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I ran into this graph where the red one is $$x^3$$ and represents the number of steps as a function of factorised bits for a quantum computer. The blue graph represents the classical computer and has the function $$e^{1.9(x^{1/3}ln^{2/3}(x)}$$ enter image description here

The quantum computer function seems to be derived from Shor's algorithm, and i have no idea where the classical one comes from. Can someone derive and or explain these two functions?

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    $\begingroup$ Sorry we don't do homework on this site... see the help centre .... physics.stackexchange.com/help $\endgroup$ – tom Mar 21 '18 at 18:55
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    $\begingroup$ This is not homework, i'm doing an assignment and i stumbled across this graph and would like to know where the two functions come from. $\endgroup$ – iBoughtWinrar Mar 21 '18 at 18:58
  • $\begingroup$ ok, but the way you are asking the question looks like homework... $\endgroup$ – tom Mar 21 '18 at 19:23
  • $\begingroup$ I cut out the small introduction to how i stumbled across the problem. It might be more clear now. $\endgroup$ – iBoughtWinrar Mar 21 '18 at 19:45
  • $\begingroup$ Note that x is the number of digits, so essentially $log N$, if $N$ is the number you want to factor $\endgroup$ – doetoe Mar 22 '18 at 0:11
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The graph shows how computational time required to factorize an integer increases as the size of the integer increase. Note the logarithmic vertical scale, which means as the size of the integer increases the computational time required by a quantum computer gets faster and faster compared to the time required by a 'classical' or normal computer.

The computational times shown are theoretical for the quantum computer because, as described in the wikipedia page, quantum computers have not been made that can factorize large numbers. The principle, however, has been demonstrated by factorizing small numbers with quantum computers. Quantum computers are hard to build because it is necessary to have complete control over a set of quantum entities such as photons of light of nuclear spins. Whereas for current computer processors 64-bit processors are normal, in the case of quantum computers 4 or 5 bits is very hard, though perhaps with time it will get easier. At the time of writing, however, 64-bit quantum computers are not a reality.

The computational times shown are calculated theoretically based on the details of the algorithms used in quantum computers and normal computers and how much searching they will need to do to find the factors.

EDIT - PLEASE NOTE I NOW DESCRIBE A BAD WAY TO SEARCH FOR PRIMES, BUT A BAD WAY WHERE IT IS RELATIVELY EASY TO EXPLAIN WHERE THE $O$ EQUATION COMES FROM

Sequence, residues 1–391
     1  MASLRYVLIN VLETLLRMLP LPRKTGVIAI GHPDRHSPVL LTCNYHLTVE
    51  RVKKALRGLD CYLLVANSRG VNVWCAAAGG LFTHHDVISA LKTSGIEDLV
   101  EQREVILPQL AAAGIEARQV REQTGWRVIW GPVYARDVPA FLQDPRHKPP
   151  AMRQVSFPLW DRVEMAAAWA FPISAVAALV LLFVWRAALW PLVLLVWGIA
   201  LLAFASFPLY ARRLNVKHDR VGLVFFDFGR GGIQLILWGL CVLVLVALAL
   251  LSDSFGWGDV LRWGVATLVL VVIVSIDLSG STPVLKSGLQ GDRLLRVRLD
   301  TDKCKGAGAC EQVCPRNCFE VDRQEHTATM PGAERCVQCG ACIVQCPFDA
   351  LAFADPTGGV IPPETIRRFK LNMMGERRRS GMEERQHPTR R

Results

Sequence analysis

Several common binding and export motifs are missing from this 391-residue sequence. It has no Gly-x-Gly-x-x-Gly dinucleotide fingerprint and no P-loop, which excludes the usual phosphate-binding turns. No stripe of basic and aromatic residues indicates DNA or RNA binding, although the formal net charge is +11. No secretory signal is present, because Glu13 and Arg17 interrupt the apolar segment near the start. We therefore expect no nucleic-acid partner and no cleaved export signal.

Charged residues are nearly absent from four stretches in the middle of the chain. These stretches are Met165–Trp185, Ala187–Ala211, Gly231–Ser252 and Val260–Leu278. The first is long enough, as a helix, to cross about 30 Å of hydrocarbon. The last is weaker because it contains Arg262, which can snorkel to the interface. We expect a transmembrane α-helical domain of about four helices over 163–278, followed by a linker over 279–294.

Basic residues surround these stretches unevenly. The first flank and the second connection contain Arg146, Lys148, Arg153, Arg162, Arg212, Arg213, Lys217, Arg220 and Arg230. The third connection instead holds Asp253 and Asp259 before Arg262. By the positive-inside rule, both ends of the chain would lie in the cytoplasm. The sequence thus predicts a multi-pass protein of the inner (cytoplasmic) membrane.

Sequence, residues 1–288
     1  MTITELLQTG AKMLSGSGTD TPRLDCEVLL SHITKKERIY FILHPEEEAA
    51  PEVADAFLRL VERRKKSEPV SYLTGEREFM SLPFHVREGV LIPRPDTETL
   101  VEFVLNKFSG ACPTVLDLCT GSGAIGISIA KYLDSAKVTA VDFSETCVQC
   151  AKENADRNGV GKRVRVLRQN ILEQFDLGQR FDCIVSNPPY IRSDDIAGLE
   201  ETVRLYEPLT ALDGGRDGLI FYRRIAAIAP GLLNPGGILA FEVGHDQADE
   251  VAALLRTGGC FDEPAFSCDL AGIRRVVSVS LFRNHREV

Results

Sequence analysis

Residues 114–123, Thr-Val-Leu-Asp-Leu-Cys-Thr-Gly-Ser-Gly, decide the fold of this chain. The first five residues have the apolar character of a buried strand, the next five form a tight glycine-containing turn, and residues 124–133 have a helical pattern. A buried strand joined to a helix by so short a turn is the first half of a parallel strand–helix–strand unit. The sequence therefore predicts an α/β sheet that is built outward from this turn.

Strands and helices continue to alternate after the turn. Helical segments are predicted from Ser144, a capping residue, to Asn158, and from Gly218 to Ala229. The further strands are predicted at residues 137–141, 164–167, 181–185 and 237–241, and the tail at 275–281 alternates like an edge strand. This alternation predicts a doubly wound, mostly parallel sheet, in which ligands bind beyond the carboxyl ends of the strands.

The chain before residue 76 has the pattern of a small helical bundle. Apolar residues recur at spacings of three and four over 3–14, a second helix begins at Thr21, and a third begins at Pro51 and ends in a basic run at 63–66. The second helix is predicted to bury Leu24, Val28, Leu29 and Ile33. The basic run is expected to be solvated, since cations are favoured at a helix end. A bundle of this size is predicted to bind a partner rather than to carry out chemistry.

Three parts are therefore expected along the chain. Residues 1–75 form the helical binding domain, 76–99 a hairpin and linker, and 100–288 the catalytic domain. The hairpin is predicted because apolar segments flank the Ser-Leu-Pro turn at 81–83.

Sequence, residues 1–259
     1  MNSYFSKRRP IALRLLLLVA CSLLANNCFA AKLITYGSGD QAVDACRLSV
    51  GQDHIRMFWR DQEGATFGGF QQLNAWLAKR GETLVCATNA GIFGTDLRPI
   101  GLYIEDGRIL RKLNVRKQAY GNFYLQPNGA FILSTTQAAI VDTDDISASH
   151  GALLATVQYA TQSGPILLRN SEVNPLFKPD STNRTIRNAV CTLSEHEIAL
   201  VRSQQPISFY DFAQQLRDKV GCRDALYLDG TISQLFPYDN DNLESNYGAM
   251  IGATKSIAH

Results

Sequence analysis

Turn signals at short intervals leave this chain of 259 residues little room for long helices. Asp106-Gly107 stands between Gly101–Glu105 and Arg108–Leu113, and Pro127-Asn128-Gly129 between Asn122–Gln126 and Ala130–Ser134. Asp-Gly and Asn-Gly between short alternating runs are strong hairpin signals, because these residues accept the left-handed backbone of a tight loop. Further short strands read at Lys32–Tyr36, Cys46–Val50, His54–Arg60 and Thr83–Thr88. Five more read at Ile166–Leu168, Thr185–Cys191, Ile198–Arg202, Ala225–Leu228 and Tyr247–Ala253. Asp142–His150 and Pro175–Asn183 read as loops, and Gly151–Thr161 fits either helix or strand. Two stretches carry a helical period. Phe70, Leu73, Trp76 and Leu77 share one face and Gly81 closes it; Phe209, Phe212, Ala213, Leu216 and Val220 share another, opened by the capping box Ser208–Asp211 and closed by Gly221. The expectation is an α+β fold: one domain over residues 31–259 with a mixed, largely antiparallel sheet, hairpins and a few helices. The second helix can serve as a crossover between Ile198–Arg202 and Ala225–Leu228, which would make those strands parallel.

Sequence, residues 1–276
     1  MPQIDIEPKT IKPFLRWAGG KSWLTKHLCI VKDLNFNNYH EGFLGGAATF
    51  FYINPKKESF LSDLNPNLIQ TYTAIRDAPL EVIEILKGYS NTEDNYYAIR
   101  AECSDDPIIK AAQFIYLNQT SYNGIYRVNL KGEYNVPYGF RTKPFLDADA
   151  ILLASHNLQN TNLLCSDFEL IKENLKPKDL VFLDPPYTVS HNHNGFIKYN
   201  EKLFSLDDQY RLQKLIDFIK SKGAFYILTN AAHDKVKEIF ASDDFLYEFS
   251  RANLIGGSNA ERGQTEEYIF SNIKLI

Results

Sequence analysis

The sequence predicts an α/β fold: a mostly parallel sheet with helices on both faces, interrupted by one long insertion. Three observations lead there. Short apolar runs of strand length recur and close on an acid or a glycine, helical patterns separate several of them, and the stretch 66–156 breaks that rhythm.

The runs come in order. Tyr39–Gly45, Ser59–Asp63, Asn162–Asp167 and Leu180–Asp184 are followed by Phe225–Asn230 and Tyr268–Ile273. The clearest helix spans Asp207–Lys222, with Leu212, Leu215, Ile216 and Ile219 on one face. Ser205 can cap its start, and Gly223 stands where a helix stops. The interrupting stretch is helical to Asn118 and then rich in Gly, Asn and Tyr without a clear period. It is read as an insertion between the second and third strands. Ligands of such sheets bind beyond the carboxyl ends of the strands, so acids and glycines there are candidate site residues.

(sorry for shouting in capitals..)

If to search for primes you check every possible factor from 2 to $\sqrt{N}$ you have roughly $\sqrt{N}$ steps and given that I think $x=\log(N)$ that would mean

$$time \propto \sqrt{{\rm e}^{x}}$$

or

$$ O(\sqrt{N}) $$

or

$$ O({\rm e}^{x/2} ) $$

I think, but I am not sure - you should look it up to check - this is much worse than the methods you have in your graph...

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  • $\begingroup$ Is it possible for you to elaborate on how the times shown are calculated? I would like to know where the two functions come from because when i google this topic, i seem to find quite a few similar, but yet different, functions. I would like to be certain what is correct and what is approximation by following the calculations myself. $\endgroup$ – iBoughtWinrar Mar 21 '18 at 23:52
  • $\begingroup$ @iBoughtWinrar - I suggest you start with the wikipedia page that is linked.... but I will make a small edit.... $\endgroup$ – tom Mar 21 '18 at 23:56
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    $\begingroup$ There are much smarter methods for factorization then a naive divisibility test, which is why the OP's curve doesn't match your expectations. For example, the general number field sieve has a complexity of roughly $O(\mathrm{exp}((\ln n)^{1/3}(\ln\ln n)^{2/3}))$. $\endgroup$ – probably_someone Mar 22 '18 at 0:12
  • $\begingroup$ @probably_someone - YES == but it so much easier to explain the reasoning for the $O$ function for this naive method --- do you want to explain the reason that the general number field sieve has that form for $O$, which is what the OP wants to know??? :-) $\endgroup$ – tom Mar 22 '18 at 0:15
  • $\begingroup$ I believe i understand, "general number field sieve" was a good keyword to look up $\endgroup$ – iBoughtWinrar Mar 22 '18 at 11:20

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